Nursing still in crisis one year on

Nurses in Northern Ireland continue industrial action - The Irish News

One year on from having to take industrial action in pursuit of fair pay and safe staffing levels, the nursing profession in Northern Ireland remains in crisis.

There has been limited progress on staff recruitment but legislation on safe staffing levels and improvements in nursing pay remain unresolved.

The Covid pandemic has underlined the central and fundamental role played by nursing staff in hospital and in community care, but despite effusive praise and admiration the Executive has yet to act on the key outstanding issues.

There is still a serious shortage of nursing staff, improvements in pay and conditions have not materialised and safe staffing levels have yet to be secured.

Many of the current difficulties stem from a lack of workforce planning and the reduction in the number of nurses in training. It will take time to rectify those issues and there must be public guarantees and detailed plans from the Executive and the Department of Health to address them.

For the safety of patients, and for the good of the nursing profession, there must be immediate legislation passed by the Assembly to guarantee staff staffing levels.

Last year’s strike action was the first in the RCN’s 104-year history. It should not need to be repeated.

Nursing vacancies: an emergency, but no accident

Nurses and Midwives were forced to take industrial action to demand safe staffing levels and the awarding of an overdue pay rise.

The chronic shortage of nurses in Northern Ireland, highlighted by the recent Audit Commission Report, is a clear sign of the failure to invest in nurse education, a failure of workforce planning, but, more ominously, an indicator that privatisation of the NHS comes in many forms‘, Party spokesperson Hugh Scullion has said.

‘The lack of registered nurses employed by the NHS has resulted in payments of almost £115 million to private nursing agencies in 2018/19. In addition to the 2,700 current nursing vacancies a further 1600 registered nurses are needed to ensure safe staffing levels for patients’, said Hugh.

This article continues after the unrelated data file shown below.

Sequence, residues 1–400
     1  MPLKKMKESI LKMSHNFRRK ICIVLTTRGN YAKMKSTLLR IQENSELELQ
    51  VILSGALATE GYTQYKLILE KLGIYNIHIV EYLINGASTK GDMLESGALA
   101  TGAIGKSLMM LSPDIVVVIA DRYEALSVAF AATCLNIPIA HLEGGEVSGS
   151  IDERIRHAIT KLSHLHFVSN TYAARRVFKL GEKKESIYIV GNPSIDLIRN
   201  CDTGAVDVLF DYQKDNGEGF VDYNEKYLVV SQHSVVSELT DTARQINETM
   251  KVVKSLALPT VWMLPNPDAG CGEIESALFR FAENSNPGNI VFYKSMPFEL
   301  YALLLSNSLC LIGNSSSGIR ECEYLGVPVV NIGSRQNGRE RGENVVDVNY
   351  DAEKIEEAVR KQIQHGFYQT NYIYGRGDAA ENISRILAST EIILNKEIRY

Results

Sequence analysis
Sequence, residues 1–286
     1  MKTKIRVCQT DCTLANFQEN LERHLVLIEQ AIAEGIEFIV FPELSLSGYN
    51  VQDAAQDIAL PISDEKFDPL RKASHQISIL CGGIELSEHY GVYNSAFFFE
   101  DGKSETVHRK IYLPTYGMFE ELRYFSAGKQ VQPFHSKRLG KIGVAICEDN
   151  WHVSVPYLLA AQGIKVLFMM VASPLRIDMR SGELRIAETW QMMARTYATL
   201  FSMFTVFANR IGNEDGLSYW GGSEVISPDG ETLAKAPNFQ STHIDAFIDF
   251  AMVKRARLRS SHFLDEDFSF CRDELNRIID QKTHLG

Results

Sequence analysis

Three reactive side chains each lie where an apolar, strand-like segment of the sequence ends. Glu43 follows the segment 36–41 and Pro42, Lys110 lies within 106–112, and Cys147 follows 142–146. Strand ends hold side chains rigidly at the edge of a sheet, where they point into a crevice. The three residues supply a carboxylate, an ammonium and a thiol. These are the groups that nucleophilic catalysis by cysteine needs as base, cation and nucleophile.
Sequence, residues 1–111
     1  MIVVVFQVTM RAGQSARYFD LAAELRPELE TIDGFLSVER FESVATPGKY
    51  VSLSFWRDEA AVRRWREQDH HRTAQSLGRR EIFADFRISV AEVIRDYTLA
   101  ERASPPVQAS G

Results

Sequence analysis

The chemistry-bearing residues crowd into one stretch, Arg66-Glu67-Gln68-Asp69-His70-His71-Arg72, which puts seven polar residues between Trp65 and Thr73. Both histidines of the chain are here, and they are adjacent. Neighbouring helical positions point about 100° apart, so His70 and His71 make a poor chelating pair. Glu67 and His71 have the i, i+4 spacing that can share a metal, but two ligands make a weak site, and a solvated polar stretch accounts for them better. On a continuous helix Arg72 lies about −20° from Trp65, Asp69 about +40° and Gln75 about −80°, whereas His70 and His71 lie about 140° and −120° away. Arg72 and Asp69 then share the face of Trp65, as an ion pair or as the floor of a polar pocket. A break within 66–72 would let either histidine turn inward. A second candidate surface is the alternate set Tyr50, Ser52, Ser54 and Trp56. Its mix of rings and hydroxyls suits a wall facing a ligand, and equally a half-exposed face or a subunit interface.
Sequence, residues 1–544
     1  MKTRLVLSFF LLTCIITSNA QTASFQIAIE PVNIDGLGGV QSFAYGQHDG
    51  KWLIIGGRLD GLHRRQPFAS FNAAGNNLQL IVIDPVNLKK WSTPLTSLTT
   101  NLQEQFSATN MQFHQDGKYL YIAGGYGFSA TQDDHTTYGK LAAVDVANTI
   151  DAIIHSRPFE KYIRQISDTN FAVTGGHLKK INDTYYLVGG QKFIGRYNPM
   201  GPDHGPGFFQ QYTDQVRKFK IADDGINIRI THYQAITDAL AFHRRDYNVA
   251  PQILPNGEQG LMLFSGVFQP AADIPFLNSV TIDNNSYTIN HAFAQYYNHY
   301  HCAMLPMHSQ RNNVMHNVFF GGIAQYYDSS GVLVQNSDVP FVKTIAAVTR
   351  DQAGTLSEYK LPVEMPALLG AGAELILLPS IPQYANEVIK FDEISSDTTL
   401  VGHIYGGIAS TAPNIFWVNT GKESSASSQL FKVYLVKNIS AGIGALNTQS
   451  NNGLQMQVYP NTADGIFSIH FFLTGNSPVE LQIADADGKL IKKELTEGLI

‘For the first time in their unions’ histories members of the Royal College of Nursing and the Royal College of Midwives were forced to take industrial action earlier this year to demand safe staffing levels and the awarding of an overdue pay rise’, explained Hugh

‘Ironically, the same local political parties which had repeatedly withheld the pay increase and precipitated the safe staffing levels crisis were clapping for the NHS and lauding local nurses as heroes only a matter of weeks later, he said

Situations like this don’t simply happen – they are made.

‘It is impossible to ignore the fact that between 2011 and 2018 the EU Commission made 63 demands on member governments to cut spending on healthcare and/or outsource or privatise health services.

‘Taken together with successive local cuts to health and social care budgets, to nurse education funding and a reduction in the number of trainee places available and we have the origins and cause of this crisis’ he said

‘The recruitment of at least 2,700 nurses, to fill the vacancies in hospitals, community settings and in GP practices, must now be underpinned by safeguards such as legislation setting out minimum staffing safety levels for the protection of nurses as well as patients.

‘There must also be a public and trade union led campaign to bring pressure to bear to reverse the privatisation of our health and social care services and their surrender to the private profit sector’, Hugh concluded.